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Monday, December 12, 2016
The name of the Maya
The word "Maya" properly refers only to the Yucatec language-family; these were the people who introduced themselves to the first Europeans. As Spaniards visited the Huastec, the Mam, and the Kaqchikel; those were called Maya too, erroneously. Of these the great monumental language was something some scholars are calling Cholti (pdf). Should they (pdf)?
Charts tend to group four languages as related to the monumental language, in two pairs: Gulf Coast Chontal / inland Ch'ol west, and "Chorti’" / "Ch’olti’" east; other Maya in between, who aren't even Tzeltal (we'll get to them...). Chorti’ meant corn-farmer in its home base Copan; its modern name Ch’orti’ was done for political-correctness reasons, to pretend otherwise. I have to ask about "Ch’olti’" too because it is recorded in only one manuscript - a 1695 glossary of the Manche Ch'ol, frequently wrong. (pdf). Same must now stand for Ch'ol.
As names go, "Chontal" seems the odd one out in this group. Thompson went so far as to dismiss it from evidence as an exonym, a name delivered to them from Nahuat(l). Also the only "r" in the four is Chorti. So the linguists have gone with *Cholti as the origin for the Cholti / Chorti branch, with the people of Copan doing the usual l->r rhotacism.
But the linguistics have punted on the Chol / Chontal pair. We can't call them "Cholti". So their ancestral family is basically mumbled: "Cholan". I think we can do better.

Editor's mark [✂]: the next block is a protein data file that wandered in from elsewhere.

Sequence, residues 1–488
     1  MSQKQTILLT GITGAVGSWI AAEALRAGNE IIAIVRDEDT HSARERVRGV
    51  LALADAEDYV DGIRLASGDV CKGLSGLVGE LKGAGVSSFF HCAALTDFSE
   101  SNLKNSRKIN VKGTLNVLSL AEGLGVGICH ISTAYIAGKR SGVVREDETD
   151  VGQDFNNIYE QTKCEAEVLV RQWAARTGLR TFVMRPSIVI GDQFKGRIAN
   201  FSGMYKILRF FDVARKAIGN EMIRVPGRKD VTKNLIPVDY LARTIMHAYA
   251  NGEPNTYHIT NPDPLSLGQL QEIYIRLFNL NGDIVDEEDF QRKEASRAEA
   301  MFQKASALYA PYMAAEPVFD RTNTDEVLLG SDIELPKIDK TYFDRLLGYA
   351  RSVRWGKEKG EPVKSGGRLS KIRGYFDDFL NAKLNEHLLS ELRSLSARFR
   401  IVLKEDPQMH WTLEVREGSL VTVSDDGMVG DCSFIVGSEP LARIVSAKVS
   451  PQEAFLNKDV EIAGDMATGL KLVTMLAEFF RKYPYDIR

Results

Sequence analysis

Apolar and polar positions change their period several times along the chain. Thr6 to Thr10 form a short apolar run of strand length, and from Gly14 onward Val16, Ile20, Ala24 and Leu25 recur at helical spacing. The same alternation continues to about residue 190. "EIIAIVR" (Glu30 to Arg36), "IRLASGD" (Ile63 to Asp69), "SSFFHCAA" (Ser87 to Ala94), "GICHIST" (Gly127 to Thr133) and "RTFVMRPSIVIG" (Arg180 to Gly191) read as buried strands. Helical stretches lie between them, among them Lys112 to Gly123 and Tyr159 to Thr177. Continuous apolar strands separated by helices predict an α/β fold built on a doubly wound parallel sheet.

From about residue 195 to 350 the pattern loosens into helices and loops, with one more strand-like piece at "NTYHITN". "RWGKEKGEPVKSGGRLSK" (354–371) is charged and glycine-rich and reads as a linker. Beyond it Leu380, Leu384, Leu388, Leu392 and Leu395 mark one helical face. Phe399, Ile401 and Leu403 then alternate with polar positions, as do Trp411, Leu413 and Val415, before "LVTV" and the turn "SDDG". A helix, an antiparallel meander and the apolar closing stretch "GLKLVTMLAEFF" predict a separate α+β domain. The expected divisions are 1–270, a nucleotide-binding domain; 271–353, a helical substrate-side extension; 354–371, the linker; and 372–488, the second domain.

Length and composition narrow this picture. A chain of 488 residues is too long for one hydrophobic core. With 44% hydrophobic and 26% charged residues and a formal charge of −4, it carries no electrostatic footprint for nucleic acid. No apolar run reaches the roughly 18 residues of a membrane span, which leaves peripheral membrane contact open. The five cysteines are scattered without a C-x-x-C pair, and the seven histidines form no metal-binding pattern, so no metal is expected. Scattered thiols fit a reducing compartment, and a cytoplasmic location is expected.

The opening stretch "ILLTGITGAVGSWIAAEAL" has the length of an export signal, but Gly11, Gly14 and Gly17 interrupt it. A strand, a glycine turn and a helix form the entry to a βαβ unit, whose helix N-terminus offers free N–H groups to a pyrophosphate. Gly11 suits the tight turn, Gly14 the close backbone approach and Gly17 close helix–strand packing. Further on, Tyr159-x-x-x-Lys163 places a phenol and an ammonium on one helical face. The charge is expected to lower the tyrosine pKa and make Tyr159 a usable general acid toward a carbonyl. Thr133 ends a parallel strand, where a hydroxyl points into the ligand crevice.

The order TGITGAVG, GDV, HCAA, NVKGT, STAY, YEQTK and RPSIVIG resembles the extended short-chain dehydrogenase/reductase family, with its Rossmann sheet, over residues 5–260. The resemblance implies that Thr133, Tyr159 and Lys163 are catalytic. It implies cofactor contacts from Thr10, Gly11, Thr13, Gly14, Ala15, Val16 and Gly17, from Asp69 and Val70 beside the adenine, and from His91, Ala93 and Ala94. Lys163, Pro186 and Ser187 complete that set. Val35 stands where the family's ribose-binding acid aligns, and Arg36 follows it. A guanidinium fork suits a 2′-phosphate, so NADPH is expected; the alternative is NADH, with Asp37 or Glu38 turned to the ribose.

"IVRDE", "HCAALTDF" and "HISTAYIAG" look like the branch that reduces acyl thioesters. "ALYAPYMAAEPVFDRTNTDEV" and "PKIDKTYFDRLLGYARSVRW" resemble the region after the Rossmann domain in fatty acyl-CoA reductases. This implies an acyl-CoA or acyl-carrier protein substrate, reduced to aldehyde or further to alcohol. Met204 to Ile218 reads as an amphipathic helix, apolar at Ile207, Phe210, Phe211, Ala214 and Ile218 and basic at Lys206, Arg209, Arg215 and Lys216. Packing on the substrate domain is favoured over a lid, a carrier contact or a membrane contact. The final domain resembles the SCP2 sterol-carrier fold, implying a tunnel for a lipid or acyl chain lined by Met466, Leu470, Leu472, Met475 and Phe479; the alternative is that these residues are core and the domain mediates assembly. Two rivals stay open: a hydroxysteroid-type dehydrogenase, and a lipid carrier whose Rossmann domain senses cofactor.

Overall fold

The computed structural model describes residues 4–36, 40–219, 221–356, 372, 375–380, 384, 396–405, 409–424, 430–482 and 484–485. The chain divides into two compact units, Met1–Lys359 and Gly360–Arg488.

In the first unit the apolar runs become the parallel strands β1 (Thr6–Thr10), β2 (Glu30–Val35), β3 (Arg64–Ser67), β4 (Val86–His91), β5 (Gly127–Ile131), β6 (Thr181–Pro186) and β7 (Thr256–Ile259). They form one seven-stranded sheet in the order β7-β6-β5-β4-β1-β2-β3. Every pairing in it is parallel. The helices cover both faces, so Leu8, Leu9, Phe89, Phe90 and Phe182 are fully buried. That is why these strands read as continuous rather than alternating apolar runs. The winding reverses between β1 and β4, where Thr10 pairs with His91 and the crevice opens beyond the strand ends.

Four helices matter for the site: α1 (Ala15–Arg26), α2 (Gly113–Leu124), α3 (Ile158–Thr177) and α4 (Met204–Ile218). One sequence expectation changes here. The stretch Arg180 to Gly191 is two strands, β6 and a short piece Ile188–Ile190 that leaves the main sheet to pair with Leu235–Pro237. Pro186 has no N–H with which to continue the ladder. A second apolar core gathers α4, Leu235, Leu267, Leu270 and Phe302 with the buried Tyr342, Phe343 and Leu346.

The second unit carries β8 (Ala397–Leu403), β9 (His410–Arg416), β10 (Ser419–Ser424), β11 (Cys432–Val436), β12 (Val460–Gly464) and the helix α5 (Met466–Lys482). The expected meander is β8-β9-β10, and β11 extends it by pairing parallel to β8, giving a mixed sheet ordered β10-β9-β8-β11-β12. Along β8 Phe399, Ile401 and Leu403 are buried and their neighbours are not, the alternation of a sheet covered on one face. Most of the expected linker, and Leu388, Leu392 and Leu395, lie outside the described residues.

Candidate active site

To these four, the next most related language family is the pair Tzeltal / Tzotzil - to which we should add Tzendal. All these are on the western border of core Maya territory, south of the Chol/Chontal. Given that tz barely even differs from ch, then these can align with the (eastern!) *Cholti branch easily: just posit *Tzolt_l. At which point all of "Chontal" is explained as well: first, the base suffix; second, another example for the second consonant-cluster getting corrupted over time. One might suggest that *Chontal and *Tzontal share an areal suffix... if they were ever adjacent... but there's no evidence for that. Chol sits between them.
So we are looking at two ancestral languages in Chiapas: *Choltal and *Tzoltal; *Choltal then spread east and those emigrés became Cholti. I think it historically and semantically improbable the names came from Nahuatl chontalli. Both more probably meant "skilled farmer", because that's what milpa is. Which was a sacred profession all over Mesoamerica (as I've already noted here).
If I am reading Sven Gronemeyer, “E pluribus unum: Embracing Vernacular Influences in Classic Mayan Scribal Tradition” right, from Wichmann 2006, the monuments show northwestern and southeastern vernacular features, with only the southeast being proto-Cholti. The northwest also has some marks of *Tzoltal, which therefore had already split from *Choltal, although the scholars cannot yet ascertain its postClassic subdivisions. So the correct way to label Classic Maya hieroglyphs, where they adhere to nondialect spelling, is "Choltal".
Incidentally the *Tzoltal must have been shouldered aside already as of the late Preclassic. Here is a "great dictionary" of daughter Tzotzil. Its semantic field of farming involves phonemes chob or jobel. If this was milpa, I would expect *tzol or *tzotz; I cannot find these in the dictionary. It looks like the *Tzoltal left the farm, or at least that sort of farm, but kept their name.
Seems to me that calling the Copanese by the name Chorti’ isn't an insult at all. Seems to me it connects them with their roots in Mesoamerican agriculture and civilisation.
UPDATE 12/12/2016: this part, the main part of yesterday's post, corrected and bumped.
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